Tufts implements new first-year Hall Council program

Benjamin Silver, president of first-year Carmichael Hall Council, poses for a portrait in Carmichael Hall common room on Sept. 30. Mengqi Irina Wang / The Tufts Daily

The Office of Residential Life and Learning (ORLL) announced online that it would be implementing a new system of Hall Councils in all first-year dorms, with positions to be filled by elected first-years with an overall goal of planning events and building community both within and across first-year dorms.

Joshua Hartman, director of ORLL, is pioneering this new network of organizations.

“The idea is to allow residents of a specific residential space to have ownership, insight, and agency in planning events and community building initiatives in their building,” Hartman said in an email to the Daily.

Hartman hopes this program will be helpful to First Year Advisors (FYAs), whose jobs include building community in first-year dorms. Hartman is looking forward to seeing strong relationships between Hall Councils and FYAs, and expects “a more vibrant and engaged community” to come from this change.

Although the Hall Councils will work independently, each one is structured the same way, according to the ORLL website. The executive board will consist of elected positions — president, vice president for membership, vice president for residential advocacy, vice president for programming and vice president for administration.  Each Hall Council also has a general assembly, which will be comprised of students throughout the residential community that will participate on a volunteer basis, according to Hartman.

Elections closed on Sept. 25, with over 45 candidates running for positions in their Hall Councils, according to Hartman. There were some vacant positions, but these will be filled in the next few weeks by the individual Hall Councils, according to Hartman. Hartman reported that more than 500 students voted in the elections, representing about a third of the first-year class.

“We’re happy with the turnout, especially since this is the first year of implementation,” Hartman told the Daily.

Ben Silver, president of Carmichael Hall Council, was inspired to run for the position because he noticed a lack of community in his dorm.

“There isn’t a sense of connection within the dorm … I want to foster some social programming — little things that get people that wouldn’t have otherwise sought each other to build connections,” he said.

Silver, a first-year, is also looking forward to building community within his council.

“I think it’s going to be important that we all listen to each other’s ideas, but also not be afraid to voice our own opinions,” Silver said.  “I expect differences in opinion, and I think that actually is really good for a council, having people that are coming from such different perspectives.”

Carmichael has a capacity of 256 students, unlike Carpenter House, which has 40, according to the ORLL’s website. For Hayden Virtue, president of Carpenter Hall Council, building community will not be an issue.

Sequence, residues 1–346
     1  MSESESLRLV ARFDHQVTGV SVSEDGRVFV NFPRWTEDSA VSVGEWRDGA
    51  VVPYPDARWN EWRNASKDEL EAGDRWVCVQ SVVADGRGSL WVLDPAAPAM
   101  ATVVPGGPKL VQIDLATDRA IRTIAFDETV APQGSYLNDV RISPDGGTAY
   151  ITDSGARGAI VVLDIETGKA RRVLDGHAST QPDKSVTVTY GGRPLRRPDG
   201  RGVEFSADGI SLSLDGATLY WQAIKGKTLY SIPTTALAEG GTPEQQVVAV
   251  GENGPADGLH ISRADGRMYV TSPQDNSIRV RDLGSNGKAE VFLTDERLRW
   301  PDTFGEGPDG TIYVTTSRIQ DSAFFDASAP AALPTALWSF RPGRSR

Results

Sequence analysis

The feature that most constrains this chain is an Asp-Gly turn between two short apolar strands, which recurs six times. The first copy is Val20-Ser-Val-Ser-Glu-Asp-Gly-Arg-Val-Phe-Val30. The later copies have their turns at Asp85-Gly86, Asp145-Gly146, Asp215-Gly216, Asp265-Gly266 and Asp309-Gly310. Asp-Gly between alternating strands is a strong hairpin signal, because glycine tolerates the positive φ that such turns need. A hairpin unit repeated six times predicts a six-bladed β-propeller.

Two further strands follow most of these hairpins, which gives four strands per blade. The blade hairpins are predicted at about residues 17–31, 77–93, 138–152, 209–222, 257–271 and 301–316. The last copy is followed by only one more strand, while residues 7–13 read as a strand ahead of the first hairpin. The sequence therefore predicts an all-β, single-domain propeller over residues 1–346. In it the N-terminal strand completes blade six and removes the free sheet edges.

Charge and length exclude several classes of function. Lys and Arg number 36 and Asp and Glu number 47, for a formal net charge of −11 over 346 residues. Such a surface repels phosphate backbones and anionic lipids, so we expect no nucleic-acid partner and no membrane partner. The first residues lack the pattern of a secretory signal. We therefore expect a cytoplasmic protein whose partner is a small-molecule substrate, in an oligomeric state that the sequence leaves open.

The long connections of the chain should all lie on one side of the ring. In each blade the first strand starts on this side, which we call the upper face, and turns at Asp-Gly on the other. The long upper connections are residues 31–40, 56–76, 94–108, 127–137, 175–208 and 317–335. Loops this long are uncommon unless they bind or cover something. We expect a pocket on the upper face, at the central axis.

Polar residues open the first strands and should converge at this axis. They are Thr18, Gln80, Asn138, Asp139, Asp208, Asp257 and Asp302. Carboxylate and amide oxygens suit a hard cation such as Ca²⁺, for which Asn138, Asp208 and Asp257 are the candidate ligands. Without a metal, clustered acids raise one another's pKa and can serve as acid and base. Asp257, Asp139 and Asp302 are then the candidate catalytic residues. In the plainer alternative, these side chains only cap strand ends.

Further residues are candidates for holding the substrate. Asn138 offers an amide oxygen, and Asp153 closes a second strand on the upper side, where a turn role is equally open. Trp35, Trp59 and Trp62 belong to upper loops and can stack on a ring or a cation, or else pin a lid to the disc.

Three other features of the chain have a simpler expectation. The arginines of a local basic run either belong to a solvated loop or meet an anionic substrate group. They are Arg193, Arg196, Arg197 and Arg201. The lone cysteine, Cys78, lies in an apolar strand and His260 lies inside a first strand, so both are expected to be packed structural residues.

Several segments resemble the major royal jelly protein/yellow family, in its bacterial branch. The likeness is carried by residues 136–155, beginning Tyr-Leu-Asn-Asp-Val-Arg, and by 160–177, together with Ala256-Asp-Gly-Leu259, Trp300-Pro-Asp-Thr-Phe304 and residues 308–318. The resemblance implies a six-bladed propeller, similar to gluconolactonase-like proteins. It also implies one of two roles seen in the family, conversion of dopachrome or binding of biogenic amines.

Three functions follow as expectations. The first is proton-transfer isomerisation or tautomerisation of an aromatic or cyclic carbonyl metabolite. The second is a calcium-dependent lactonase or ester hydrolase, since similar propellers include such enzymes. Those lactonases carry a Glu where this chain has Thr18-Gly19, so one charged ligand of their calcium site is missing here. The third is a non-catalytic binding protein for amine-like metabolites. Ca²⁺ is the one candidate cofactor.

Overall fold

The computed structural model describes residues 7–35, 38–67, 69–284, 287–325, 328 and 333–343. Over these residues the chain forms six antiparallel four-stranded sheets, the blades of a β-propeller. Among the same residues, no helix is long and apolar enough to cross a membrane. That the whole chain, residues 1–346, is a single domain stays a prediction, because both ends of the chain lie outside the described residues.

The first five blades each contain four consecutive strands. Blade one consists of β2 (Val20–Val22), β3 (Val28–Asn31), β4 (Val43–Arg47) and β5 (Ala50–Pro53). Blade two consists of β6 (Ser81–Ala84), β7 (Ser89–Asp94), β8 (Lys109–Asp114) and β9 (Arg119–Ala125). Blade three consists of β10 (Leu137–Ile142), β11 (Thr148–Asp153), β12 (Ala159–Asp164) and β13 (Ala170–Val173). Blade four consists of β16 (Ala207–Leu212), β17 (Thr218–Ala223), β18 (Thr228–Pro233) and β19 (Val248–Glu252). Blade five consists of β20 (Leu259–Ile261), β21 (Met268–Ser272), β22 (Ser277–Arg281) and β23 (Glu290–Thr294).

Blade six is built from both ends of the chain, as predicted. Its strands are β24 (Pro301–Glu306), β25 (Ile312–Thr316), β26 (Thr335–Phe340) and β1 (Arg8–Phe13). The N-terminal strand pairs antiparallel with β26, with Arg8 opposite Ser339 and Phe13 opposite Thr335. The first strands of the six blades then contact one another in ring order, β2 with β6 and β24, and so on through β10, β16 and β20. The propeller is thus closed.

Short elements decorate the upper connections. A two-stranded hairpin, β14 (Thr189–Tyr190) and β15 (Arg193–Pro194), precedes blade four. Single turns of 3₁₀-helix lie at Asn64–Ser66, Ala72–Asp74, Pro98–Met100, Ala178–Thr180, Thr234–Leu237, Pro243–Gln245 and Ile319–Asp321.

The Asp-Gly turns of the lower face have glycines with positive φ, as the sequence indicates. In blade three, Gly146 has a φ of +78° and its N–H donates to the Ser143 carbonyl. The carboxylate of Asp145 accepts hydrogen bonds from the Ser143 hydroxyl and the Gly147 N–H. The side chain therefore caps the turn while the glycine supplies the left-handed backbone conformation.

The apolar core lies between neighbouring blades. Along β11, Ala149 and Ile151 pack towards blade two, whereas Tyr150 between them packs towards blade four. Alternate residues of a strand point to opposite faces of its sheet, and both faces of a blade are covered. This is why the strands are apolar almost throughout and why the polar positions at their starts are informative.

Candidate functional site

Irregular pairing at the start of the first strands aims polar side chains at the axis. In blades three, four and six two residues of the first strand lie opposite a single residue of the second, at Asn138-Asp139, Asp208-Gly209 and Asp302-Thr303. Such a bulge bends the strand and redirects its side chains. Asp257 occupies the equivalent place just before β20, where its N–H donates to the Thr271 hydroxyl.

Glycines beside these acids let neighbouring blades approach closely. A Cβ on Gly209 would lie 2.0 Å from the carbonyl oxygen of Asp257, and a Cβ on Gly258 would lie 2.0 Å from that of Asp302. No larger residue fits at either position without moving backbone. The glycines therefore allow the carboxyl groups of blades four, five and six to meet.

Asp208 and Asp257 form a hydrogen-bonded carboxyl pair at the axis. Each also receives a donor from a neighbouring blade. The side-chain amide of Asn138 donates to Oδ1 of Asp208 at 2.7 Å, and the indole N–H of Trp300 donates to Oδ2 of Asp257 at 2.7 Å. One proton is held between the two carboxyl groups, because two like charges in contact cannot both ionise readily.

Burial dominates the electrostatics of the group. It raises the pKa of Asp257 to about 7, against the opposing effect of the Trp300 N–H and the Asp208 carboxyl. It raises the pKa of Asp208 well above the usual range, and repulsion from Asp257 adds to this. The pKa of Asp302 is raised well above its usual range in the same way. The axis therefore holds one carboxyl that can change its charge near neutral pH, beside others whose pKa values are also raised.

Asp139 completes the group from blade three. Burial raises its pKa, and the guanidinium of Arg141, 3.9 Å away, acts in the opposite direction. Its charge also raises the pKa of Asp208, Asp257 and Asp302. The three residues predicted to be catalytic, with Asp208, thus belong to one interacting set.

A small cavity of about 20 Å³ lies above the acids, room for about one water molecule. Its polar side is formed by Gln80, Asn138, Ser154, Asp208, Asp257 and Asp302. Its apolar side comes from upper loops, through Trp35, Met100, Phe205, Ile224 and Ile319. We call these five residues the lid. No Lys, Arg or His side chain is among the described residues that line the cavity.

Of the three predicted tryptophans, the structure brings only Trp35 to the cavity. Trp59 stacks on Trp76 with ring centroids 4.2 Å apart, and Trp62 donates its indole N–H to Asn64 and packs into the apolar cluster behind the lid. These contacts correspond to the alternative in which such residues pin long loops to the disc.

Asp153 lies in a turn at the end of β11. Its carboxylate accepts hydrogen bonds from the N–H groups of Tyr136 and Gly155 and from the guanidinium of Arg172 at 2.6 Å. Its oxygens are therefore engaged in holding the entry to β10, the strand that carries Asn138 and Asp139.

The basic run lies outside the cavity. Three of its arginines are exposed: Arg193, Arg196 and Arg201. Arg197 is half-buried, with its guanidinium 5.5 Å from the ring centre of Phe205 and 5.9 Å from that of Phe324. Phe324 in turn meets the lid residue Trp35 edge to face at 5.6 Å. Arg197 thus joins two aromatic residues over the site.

“Bonding is definitely not going to be a problem,” he said. “I feel like we’ve already really accomplished that.”

Virtue’s main goal as president is to foster the strong culture that already exists in Carpenter.

“When I got here and I got Carpenter House, I thought I was missing out on something not being in a big dorm, but everyone here is so friendly, so fantastic,” Virtue said.

Wilson House is another small dorm with a capacity of 55. It’s also the substance free housing option for first-years. First-year Mindy Duggan, President of Wilson Hall Council, ran because she loves being part of a community of people who want to be substance free and live healthy lifestyles. 

“When I realized how inclusive and home-y Wilson is, I wanted to help promote the community vibe,” Duggan said.

Duggan plans to do this by acting as a voice of representation for the residents of Wilson.

“I’m hoping that I will be able to take the opinions of the people who live in the house and make them into realities, just help everyone have a happier time in Wilson House and a happier year,” Duggan said.

Myles Platt, vice president for administration in Wilson, echoed Duggan’s sentiments of wanting to represent Wilson House’s residents.

“I never really felt like I had a voice and so I’ve kind of made it a commitment to myself to seek out ways to give other people a voice,” Platt, a first-year, said.

Each Hall Council will be advised by the Residence Director for its building, and in most cases, the Lead FYA in the building will serve as a secondary advisor.

The development of this new program falls under the development of the Residence Hall Association (RHA), which was launched this year and will be fully functioning by next year.

“For the 2020–21 year, the RHA will have a full executive board of its own and I will work closely with them as they provide oversight and support for Hall Councils,” Hartman said.

Following the recent elections, presidents and other members of Hall Councils are ready to get started.

“I view this as an opportunity where I can really make a difference. And I’m also really excited to pilot a new program … it’ll be a fun opportunity to make some changes within the dorm and really build community,” Silver said.